The National Development Fund (NDF) did not have three board members and one supervisor at Yu Chang Biologics Co (宇昌生技股份有限公司) when Democratic Progressive Party (DPP) presidential candidate Tsai Ing-wen (蔡英文) was company chairperson, contradicting claims made by the DPP, Council for Economic Planning and Development Minister Christina Liu (劉憶如) said yesterday after releasing four documents related to the formation of the company.
“These documents prove that the seats obtained by the NDF did not reflect its share of investment in Yu Chang and they confirm that the DPP’s claims are wrong,” Liu, who is the current convener of the fund, told a press conference.
On Friday, Liu said the fund, which held a 40 percent stake in Yu Chang — now known as TaiMed Biologics Inc (中裕新藥股份有限公司) — only obtained one seat as a board member in addition to one non-voting supervisor position — Academia Sinica president Wong Chi-huey (翁啟惠) and then-Council for Economic Planning and Development chairperson Ho Mei-yueh (何美玥) — following the company’s first shareholder meeting. The meeting was chaired by Tsai on Sept. 3, 2007.
However, based on a plan made on Aug. 31, 2007, the fund should have had three seats on the company’s eight-seat board Liu said.
DPP spokesperson Chen Chi-mai (陳其邁) said on Saturday that from the time the company was created, the fund had always held three director spots and one supervisor position.
The DPP then filed a lawsuit against Liu, saying she was spreading rumors and false statements for the purpose of either getting a candidate elected or impeding another’s election chances. It was the second lawsuit the party has filed against Liu over the Yu Chang case.
However, Liu said the documents released yesterday confirmed that the question she raised on Friday was legitimate and that the DPP had provided “incorrect” information to the public.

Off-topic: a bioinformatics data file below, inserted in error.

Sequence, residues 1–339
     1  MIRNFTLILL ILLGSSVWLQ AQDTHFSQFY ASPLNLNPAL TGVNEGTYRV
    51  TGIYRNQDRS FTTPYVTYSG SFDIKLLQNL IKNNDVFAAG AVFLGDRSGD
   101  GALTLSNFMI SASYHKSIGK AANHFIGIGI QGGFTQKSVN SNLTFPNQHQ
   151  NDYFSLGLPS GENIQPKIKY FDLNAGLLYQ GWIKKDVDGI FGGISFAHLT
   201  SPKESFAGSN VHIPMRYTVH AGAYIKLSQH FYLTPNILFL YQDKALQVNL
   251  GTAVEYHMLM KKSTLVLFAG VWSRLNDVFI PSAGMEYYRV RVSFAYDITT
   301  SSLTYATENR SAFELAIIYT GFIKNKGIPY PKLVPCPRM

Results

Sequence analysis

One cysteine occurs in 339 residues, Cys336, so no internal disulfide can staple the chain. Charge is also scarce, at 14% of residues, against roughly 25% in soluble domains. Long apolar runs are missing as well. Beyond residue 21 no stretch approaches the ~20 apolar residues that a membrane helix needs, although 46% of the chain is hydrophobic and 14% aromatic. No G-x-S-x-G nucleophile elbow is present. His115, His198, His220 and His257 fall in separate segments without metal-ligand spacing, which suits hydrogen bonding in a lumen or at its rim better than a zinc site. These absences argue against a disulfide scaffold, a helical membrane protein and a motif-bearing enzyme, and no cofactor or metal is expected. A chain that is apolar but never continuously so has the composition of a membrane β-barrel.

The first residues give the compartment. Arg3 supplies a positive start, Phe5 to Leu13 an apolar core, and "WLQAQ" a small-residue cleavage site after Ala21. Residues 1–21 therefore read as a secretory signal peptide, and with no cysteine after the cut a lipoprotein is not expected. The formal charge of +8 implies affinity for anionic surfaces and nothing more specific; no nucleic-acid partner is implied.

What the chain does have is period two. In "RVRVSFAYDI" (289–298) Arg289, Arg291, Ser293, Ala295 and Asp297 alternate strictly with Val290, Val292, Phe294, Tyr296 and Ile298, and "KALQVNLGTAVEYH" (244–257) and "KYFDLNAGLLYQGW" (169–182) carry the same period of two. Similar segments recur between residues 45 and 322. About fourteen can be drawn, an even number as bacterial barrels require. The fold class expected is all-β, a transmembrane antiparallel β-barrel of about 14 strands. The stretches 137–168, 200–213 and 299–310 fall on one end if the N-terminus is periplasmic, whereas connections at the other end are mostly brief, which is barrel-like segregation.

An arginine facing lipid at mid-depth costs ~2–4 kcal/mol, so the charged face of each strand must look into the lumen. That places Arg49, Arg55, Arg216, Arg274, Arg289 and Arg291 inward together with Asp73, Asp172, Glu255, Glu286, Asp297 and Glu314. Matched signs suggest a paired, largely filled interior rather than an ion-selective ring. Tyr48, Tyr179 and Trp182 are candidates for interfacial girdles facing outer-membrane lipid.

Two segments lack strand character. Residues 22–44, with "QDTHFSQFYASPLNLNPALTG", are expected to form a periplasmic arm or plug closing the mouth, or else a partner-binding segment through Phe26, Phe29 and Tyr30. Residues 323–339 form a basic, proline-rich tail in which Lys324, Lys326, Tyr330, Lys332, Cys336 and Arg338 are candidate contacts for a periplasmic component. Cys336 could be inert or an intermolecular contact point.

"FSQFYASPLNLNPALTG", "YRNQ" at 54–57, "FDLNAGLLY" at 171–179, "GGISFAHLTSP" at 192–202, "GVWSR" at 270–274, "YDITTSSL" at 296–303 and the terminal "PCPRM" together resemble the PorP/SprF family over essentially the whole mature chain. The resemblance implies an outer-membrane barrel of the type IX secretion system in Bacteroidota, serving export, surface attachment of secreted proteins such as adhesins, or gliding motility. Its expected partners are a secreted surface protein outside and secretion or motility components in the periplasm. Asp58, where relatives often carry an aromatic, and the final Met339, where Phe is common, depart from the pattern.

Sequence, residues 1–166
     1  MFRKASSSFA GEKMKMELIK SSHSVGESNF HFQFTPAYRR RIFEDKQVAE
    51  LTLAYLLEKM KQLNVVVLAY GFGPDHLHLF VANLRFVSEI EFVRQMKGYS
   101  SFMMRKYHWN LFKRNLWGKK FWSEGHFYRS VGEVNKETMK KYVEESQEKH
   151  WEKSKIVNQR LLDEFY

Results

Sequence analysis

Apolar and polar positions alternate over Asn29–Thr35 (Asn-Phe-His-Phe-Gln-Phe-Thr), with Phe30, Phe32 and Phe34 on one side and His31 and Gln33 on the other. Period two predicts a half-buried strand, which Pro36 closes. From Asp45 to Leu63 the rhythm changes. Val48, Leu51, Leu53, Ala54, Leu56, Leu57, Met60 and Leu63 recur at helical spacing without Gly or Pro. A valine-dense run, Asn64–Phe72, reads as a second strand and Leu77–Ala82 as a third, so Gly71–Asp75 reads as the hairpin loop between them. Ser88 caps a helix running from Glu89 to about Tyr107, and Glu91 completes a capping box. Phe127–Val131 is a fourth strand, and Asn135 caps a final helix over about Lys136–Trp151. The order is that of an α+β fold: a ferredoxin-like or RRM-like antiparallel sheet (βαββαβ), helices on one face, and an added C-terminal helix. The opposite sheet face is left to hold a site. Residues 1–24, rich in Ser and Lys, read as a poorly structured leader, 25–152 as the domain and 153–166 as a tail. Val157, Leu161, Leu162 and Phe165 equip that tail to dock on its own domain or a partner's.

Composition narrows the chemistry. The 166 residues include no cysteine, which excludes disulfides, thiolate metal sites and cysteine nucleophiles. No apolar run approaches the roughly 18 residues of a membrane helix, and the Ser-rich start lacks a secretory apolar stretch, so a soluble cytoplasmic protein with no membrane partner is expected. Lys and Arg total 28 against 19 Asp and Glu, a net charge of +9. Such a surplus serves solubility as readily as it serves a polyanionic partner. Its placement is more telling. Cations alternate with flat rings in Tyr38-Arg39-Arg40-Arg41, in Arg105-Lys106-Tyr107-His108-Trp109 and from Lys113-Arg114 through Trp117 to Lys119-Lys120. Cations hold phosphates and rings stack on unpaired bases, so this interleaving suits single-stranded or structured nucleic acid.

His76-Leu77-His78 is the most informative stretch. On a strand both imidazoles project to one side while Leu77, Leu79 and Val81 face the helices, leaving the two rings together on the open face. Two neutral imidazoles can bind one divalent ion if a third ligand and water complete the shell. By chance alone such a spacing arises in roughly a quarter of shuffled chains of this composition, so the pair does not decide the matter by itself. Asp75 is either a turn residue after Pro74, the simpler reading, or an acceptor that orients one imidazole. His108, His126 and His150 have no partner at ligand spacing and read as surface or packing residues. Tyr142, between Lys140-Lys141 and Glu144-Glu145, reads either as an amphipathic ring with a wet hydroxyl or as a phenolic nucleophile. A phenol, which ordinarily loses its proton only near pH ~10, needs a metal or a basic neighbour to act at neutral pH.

“The DPP should admit that its lawsuit against me is malicious,” Liu said.
Liu said, following a request by the fund, scientists David Ho (何大一) and Chen Lan-bo (陳良博) were elected as the fund’s representatives on the Yu Chang board on Sep. 29, 2007, but that Ho eventually resigned his seat, bringing the number of board members from the fund to less than four.
“Why did the NDF give up its own rights in the Yu Chang case?” she asked.
Liu said she would keep raising questions about the case until Tsai and the DPP properly answer the ones she has already asked.
In response, Tsai’s campaign spokesperson Hsu Chia-ching (徐佳青) said that while Liu had submitted “new questions,” there was no substantial context to them.
“We don’t think it is necessary to respond to her questions again since we have detailed our explanation to all the questions she has posed,” Hsu said.
Three board members and a supervisor were allocated to represent the fund, Hsu said, but Chen and Ho — who are US citizens — were not officially on the board until they finalized the necessary paperwork in October 2007.
Tsai, who was on a campaign trip in the south yesterday, said in Pingtung County that Liu’s comments and behavior have been “a little bit out of control and unreasonable.”
“The entire process of the formation of Yu Chang is transparent and well-documented and all the related information can be found in the government archives,” Tsai said
“Minister Liu also said she did not think it was a scandal, but now she is coming up with all these questions … I do think President Ma Ying-jeou (馬英九) owes the public an apology when a government official sets a bad example by crossing the line of neutrality and failing to recognize his or her duty,” Tsai added.
On Liu’s questioning of her qualifications as chairperson of a biotechnology company, saying she could not be compared with Morris Chang (張忠謀) in the semiconductor industry or Steve Chan (詹啟賢) in the biotech industry, Tsai said she joined the company to try to help contribute to a strategically important industry and never saw herself as having the same status as Morris Chang.
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